Out of the Past 8/24/08

Sunday, August 24, 2008

25 years ago: Aug. 24, 1983

A 3,600-square-foot warehouse on Gordonville Road will be donated to the Southeast Missouri Council of the Boy Scouts by Neurologic Associates of Cape Girardeau, which plans to build a medical office structure nearby.

Classes begin for Cape Girardeau public school pupils in the morning; a total of 3,979 children are enrolled as of this morning; that compares to 4,083 on the first day of school last year.

50 years ago: Aug. 24, 1958

Construction is progressing rapidly on the new Southside Baptist Church being built on the congregation's property on Hackberry Street, near the Giboney Woods; the building, when finished, will seat 250 people in the auditorium, with a Sunday School capacity of 300.

A district meeting of the Methodist Youth Fellowship is held in the afternoon on the grounds of Old McKendree Chapel; following a recreational period and sack supper, the program is presented by Barbara Eskew, St. Louis Conference Youth director.

75 years ago: Aug. 24, 1933

The road leading from the Bainbridge public road to Old McKendree Chapel is now in excellent condition, graded and macadamized; the work of getting the road in shape was done by the County Highway Department, Byrd Township Special Road District and the Cape Girardeau Township Special Road District.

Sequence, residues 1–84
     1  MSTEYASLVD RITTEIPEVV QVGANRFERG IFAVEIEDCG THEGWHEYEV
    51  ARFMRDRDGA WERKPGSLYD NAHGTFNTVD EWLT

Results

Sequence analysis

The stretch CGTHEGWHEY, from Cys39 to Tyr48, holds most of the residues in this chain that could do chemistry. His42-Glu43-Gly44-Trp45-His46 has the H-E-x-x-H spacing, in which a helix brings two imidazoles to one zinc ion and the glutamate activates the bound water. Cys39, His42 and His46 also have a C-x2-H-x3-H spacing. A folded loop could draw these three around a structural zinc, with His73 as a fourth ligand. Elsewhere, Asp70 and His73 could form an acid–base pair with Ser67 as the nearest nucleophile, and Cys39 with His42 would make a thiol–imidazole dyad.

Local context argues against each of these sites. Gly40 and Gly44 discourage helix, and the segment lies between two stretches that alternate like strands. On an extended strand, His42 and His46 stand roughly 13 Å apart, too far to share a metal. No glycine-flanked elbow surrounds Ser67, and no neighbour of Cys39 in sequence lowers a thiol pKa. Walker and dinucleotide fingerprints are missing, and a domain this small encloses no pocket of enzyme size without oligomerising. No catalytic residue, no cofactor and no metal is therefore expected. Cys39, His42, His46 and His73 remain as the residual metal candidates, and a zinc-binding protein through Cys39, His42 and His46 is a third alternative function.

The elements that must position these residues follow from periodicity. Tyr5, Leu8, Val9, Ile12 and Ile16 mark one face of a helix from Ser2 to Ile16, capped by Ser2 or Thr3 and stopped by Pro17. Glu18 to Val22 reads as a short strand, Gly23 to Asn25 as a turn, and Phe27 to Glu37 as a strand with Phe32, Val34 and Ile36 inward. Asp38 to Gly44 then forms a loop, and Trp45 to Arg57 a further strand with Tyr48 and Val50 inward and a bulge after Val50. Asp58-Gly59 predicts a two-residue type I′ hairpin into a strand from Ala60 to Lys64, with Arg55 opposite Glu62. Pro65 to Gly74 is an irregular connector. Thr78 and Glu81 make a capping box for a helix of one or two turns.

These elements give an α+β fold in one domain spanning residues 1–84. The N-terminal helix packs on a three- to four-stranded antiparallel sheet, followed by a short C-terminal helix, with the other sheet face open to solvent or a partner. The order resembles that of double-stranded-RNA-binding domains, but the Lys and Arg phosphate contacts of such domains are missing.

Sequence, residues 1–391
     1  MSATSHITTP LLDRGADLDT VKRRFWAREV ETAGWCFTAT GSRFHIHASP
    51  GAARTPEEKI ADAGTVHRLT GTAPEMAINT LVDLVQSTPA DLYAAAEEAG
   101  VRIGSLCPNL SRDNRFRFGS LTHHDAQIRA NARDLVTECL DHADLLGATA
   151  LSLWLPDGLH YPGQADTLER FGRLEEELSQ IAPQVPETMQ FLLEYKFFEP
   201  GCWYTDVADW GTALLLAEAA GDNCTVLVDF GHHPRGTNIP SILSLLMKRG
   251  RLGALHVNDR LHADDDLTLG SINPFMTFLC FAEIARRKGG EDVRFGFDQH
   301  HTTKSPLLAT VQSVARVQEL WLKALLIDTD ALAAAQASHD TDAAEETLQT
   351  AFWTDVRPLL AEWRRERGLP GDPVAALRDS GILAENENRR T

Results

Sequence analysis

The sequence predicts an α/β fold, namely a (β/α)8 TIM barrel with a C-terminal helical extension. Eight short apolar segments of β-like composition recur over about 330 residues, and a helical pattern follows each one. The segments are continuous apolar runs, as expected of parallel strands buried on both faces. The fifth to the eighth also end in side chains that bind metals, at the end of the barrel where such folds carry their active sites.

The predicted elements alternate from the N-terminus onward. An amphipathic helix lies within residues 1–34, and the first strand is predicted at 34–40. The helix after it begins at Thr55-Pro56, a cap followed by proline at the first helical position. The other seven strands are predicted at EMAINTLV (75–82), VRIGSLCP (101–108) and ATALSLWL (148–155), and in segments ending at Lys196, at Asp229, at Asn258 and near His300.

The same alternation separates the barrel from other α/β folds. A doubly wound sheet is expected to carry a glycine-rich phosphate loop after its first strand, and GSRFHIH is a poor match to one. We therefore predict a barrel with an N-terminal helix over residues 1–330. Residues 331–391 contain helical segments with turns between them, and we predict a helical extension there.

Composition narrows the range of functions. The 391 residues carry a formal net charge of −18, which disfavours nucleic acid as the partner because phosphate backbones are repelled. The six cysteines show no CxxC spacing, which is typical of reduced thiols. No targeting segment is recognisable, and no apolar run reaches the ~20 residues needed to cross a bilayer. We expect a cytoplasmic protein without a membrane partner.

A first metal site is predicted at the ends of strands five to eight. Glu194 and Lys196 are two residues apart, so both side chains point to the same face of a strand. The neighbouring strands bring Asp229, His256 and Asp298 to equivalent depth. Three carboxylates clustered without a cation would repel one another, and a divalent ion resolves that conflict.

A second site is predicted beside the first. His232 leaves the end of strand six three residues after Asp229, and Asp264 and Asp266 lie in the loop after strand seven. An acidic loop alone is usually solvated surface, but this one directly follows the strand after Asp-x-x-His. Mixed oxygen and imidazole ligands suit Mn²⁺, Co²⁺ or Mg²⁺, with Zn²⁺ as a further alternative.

Extensive remodeling and repair work is underway at the Hotel Marquette building; a new asphalt composition roof is being constructed on the main part of the building; interior work consists of laying tile floors in all of the building's 74 bathrooms.

100 years ago: Aug. 24, 1908

The sewer-construction business comes close to ending another man's life; a cave-in traps John Herbert on Sprigg Street near the Houck Railroad; he is rescued, but his legs are considerably bruised.

F.H. Kraft, with Cape City Steam Bakery, is on his fourth weekly trip as a salesman for the house; he is working the Memphis, Tenn., territory this week, an area that has never been worked before by any baker in Southeast Missouri; he expects to work up a shipping trade of 1,000 loaves daily.

-- Sharon K. Sanders

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